Home Depot’s OSS Manifesto reads with the intent of the efforts and a break out of six specific tenets:

We Value

  • Giving Back
    • As developers we use tools provided by the wider community – it’s our responsibility to pay it forward
    • Beyond the ethics, as we contribute, so will others – which improves the software we use
  • Excellent Customer Server
    • By using and improving open source, the software we provide to our associates and customers is of higher quality
  • Creating shareholder value
    • Making use of open source makes us more productive and efficient
    • As we contribute software, we get the benefit of improvements from the entire community
  • Entrepreneurial Spirit
    • Encouraging associates to develop the software that interests them provides a creative outlet
    • Many key software components we rely on were created as side projects
  • Taking care of our people
    • Allows associates to contribute, gives them a public showcase for their talents
    • Participating in open source is a fantastic forum for learning from industry experts
  • Respect for all people
    • Open source is one of the most diverse communities available
    • Great feedback and communication skills can be developed working on large open source efforts
  • Doing the right thing
    • Making code public is the best way to ensure that you take pride in your work
  • Building strong relationships
    • Open source allows developers to build relationships beyond their team

We Believe

  • Have a readme file
  • Have a contributing file
  • Have a license file
  • Follow semantic versioning
  • Have easily visible CI
  • Tag all releases

Have an Idea?

  • Could my code be helpful for other devs, and is it something that doesn’t already exist?
  • Do I feel comfortable that work I’m doing does not include trade secrets?
  • Do I have CI setup, and is it publically visible?
  • Why are you still asking questions, push some code!

Readme file

  • The readme is the first thing will people will see about your project. This should provide an explanation for why it exists, and why anyone would care about it.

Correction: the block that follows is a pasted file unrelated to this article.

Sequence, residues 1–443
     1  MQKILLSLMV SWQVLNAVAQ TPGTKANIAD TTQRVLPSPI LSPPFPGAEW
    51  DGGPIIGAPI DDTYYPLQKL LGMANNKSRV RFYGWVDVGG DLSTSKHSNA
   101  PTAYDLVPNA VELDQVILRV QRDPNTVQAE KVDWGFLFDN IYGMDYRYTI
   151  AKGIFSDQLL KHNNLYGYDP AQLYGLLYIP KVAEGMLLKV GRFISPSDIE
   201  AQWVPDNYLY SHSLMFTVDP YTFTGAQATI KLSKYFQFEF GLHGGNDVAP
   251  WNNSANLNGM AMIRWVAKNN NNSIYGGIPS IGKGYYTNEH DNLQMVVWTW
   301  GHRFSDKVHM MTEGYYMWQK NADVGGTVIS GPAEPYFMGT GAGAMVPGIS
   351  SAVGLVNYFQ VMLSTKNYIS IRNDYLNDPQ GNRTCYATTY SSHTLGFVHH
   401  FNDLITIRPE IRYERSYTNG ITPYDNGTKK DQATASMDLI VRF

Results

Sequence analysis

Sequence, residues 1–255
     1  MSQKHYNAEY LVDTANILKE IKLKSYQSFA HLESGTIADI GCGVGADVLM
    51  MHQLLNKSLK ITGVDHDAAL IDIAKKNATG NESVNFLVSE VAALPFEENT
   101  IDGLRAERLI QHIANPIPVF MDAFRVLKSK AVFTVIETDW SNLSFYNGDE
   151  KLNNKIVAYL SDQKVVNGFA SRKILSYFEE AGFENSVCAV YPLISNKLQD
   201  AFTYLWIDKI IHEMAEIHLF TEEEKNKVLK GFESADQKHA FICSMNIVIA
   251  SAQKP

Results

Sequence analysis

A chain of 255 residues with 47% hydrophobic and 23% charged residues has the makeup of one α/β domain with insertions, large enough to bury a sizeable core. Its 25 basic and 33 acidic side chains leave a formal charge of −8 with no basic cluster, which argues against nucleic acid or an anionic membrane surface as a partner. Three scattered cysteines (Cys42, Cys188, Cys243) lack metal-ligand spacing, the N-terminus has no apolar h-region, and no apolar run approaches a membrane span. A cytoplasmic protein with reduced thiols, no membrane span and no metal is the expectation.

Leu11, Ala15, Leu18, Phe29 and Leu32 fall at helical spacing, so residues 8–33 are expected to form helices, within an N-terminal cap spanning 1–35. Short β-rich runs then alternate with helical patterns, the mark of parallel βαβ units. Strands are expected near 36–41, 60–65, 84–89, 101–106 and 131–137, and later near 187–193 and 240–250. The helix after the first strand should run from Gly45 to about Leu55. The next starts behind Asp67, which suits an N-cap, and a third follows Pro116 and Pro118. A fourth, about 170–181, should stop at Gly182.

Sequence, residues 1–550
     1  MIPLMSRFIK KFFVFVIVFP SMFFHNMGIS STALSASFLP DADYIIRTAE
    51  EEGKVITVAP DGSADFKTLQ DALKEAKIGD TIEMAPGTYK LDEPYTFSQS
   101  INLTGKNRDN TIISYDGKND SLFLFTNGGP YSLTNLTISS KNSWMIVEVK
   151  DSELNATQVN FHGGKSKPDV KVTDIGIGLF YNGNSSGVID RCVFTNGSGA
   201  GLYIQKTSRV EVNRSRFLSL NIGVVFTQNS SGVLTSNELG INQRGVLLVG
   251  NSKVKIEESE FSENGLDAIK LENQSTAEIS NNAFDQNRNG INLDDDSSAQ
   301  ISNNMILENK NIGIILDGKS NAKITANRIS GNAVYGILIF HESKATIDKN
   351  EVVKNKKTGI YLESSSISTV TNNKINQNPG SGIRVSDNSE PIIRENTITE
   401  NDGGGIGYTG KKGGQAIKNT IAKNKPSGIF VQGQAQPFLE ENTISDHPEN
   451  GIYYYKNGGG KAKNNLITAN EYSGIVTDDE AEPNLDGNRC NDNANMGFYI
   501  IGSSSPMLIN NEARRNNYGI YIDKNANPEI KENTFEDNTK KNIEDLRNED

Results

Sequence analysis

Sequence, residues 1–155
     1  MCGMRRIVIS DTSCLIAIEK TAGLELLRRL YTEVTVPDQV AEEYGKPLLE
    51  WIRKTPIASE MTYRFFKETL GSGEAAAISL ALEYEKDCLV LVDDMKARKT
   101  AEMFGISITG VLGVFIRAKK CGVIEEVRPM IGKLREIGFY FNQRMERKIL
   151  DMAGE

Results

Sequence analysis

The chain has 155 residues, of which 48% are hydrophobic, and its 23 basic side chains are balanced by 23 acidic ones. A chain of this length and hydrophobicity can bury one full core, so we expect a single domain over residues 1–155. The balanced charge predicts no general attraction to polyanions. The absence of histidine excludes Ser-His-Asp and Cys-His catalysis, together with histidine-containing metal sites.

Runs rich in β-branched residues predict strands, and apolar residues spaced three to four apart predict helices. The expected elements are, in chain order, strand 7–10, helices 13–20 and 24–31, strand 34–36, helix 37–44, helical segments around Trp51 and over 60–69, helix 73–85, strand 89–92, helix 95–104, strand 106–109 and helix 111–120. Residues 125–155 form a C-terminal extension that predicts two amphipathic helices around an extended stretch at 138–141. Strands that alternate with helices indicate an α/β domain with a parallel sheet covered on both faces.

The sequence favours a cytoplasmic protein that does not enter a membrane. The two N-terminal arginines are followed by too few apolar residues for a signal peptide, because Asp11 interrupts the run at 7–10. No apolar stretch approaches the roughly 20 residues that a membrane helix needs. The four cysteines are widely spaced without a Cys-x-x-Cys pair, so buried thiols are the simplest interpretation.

• What are my rights? You also should include license information, so they understand how to use it. Our default license is Apache 2 How can I help? If you’re open sourcing something, you are hopefully open to outside contributions. Make sure your expectations and process are clearly laid out for people who want to help. You should tell them how to make the thing run and how to test it – in simple, easy to follow steps.
    • Does this thing even work? A sign of a high quality project is well written tests, that are continuously run. By having CI setup and publicly shown, visitors to your repo can have confidence in the code. This could include badges or a link to an example of the live application
    • Is anyone maintaining this and/or what just changed? As you update the project, you should provide semantic versioning to allow consumers to understand the types of changes made, and allow them to use the project with security. You should include release notes that detail any important features or bug fixes, and specifics on any breaking changes.

Trade Secrets - What shouldn’t be open sourced?

  • Code that includes work that is licensed by someone else
  • Work that provides a significant competetive advantage over other retailers
  • Projects that are dependent on THD specific environment
    • This should be only true in rare cases
  • Code that does not have CI or automated unit tests
    • Please don’t do this, even if you aren’t open sourcing
  • Code that is essentially the same as other open source projects
    • Could you contribute to those projects instead?

Tactical Process

  • Ensure your manage/team lead approves the effort
  • Request open source submission approval
  • Push the code

This is of course our version of the OSS Manifesto as detailed at (after I posted, realized this site is dead! :( But here’s the repo of the HD Manifesto). This is one piece I highly suggest any group of individuals at an enterprise to give a read to, and create their own manifesto per their enterprise they work for. It’s good for many reasons to write this out and provide it.

The main two reasons I really like the OSS Manifesto include:

  1. The transparency it provides to users of the project(s) of a particular enterprise.
  2. The other thing is that it provides a much needed brain storming session to identify and define the groups intent and efforts on a more metaphsycial level, which is hugely needed to understand how a team working on a project and it’s prospective contributors would interact with each other. Defining these core tenants is fundamental to a smooth workflow between contributors.

Part I (That’s this article), Part II, Part III, Part IV.